The government, the majority shareholder of the electricity distribution monopoly Kenya Power, last week appointed a new set of independent directors.
Looking at the composition of the new team, it is clear that an attempt was made to appoint people with knowledge and experience in the subject matter.
The previous board was mainly composed of cronies of influential politicians. Still, the problems at Kenya Power are so deeply ingrained.
I learnt many years ago that Noah of the Old Testament was the greatest financial engineer the World has ever known because he managed to float a company when the whole world was under liquidation. The task before the new team will be gigantic. Indeed, without addressing the company’s structural problems, the appointment of new directors may turn out to be as futile as bringing in a set of new pallbearers hoping they will bring the body back to life.
The priority of priorities in Kenya Power is addressing balance sheet issues. The shareholders must to something very urgently to clean the company’s balance sheet. In South Africa, a national conversation has been going on about a bailout of the state-controlled electricity monopoly- Eskom. It has been proposed that Eskom be bailed out by the pension fund for public sector workers.
It surprises indeed that we in Kenya are yet to appreciate and come to terms with the fact that the financial health of the country’s only power distributor is critical to the health of the economy. Kenya Power is the only power off-taker for both KenGen and for the independent power producers. When it continues to ail, the ramifications are felt across the board.
Apart from balance the sheet, there are broad policy issues on which we must build a national consensus. First, when a commercial State corporation is forced to operate with non-commercial objectives, the taxpayer must pay for the losses by way of a subsidy.
Here are examples. When the government tasks Kenya Power to connect consumers who cannot afford the cost of that power, the State must cover the cost.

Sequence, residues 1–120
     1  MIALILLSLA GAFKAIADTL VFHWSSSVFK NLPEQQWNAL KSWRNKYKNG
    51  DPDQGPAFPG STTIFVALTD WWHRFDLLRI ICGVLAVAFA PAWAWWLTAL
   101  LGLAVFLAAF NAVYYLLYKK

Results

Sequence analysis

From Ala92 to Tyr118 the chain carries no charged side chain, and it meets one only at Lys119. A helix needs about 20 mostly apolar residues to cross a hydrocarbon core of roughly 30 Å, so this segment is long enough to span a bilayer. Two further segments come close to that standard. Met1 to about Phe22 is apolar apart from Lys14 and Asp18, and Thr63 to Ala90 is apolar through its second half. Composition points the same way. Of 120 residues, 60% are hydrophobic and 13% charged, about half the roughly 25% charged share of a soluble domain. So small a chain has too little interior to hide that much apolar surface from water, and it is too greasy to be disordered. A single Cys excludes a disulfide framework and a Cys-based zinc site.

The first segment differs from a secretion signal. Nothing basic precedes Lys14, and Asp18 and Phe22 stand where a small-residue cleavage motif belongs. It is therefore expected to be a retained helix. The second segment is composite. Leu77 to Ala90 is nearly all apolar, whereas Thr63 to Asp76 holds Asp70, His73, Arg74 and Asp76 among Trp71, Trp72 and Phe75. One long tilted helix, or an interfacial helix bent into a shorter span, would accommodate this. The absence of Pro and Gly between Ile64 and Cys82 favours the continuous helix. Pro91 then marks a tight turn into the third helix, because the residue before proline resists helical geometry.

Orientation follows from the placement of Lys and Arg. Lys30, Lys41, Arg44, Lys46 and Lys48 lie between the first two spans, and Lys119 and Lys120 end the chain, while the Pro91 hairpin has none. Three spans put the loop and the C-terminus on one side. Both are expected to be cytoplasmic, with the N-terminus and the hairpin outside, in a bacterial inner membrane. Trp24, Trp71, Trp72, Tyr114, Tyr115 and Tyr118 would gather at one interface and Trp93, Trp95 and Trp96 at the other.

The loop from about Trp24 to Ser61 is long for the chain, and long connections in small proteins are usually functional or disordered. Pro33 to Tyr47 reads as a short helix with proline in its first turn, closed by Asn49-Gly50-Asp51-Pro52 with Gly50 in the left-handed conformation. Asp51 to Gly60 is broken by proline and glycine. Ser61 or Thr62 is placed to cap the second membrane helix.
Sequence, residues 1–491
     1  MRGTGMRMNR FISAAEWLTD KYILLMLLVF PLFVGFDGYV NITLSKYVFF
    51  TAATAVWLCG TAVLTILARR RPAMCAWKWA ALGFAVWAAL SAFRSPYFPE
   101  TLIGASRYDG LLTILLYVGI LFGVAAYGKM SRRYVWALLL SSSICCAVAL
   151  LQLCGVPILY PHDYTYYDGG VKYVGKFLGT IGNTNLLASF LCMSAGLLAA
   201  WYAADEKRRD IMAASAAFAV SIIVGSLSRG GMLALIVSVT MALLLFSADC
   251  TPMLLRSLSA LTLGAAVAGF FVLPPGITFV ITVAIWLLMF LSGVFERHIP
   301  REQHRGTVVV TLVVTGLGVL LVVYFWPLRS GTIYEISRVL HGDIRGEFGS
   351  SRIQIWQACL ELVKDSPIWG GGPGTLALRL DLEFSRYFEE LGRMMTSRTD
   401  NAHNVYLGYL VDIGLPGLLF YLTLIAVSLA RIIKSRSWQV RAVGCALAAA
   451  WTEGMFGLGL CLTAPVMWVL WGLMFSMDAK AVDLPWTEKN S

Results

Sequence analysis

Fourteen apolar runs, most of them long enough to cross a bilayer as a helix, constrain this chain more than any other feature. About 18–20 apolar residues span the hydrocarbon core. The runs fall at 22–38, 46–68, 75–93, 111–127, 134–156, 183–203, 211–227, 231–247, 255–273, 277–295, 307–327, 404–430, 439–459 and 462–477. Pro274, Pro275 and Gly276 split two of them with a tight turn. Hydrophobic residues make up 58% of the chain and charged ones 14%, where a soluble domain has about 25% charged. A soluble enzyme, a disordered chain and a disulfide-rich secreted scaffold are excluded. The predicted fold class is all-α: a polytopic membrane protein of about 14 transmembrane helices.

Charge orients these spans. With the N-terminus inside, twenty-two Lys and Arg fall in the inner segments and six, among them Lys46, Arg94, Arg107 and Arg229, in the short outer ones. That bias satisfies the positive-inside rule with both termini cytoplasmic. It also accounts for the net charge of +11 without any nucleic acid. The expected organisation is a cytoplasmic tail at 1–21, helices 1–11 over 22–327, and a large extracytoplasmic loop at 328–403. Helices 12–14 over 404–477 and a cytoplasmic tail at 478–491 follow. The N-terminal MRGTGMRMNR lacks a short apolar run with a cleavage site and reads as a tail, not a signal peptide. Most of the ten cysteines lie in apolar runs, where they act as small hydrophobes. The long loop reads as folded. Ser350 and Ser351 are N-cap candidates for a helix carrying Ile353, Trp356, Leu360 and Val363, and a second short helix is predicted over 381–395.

Indeed, part of the reason Kenya Power is where it is today is because it — for political reasons — finds it difficult to operate on the basis of full-cost recovery. Failure to subsidise the social tariff has been a big impediment.
What is my point? It is that in appointing new directors, the government has merely placed the company in the hands of new pallbearers. I am not saying that there is nothing the new directors can do to improve the fortunes of the company.
The new team can scale up drastically in reducing transmission losses, in reducing theft of electricity by consumers, in collecting debts and in curtailing corruption in procurement.
A great deal can be achieved by eliminating fiefdoms in the ranks of the workforce left by the out-going management and board and in re-introducing clear lines of command in the company. The list of what needs to be done to improve the company’s fortunes is long indeed.
The point I stress is that when a strategic parastatal is in the situation Kenya Power is in, the playbook is the same everywhere: inject capital to recapitalise the company and consider forging an alliance with a strategic partner that can bring technical expertise and management.
In the long term we must debate whether it really makes sense for Kenya Power and other strategic commercial State corporations to remain listed on the stock exchange.
I foresee a situation in future where the government — as the main shareholder in these commercial State corporations — will be forced to pump in capital and in the process end up diluting the minority shareholders.
A monopoly that rakes in more than Sh130 billion a year in revenues, is broke and is now tottering dangerously.
If the government does not take drastic measures to bail out Kenya Power from its current situation, the company will collapse.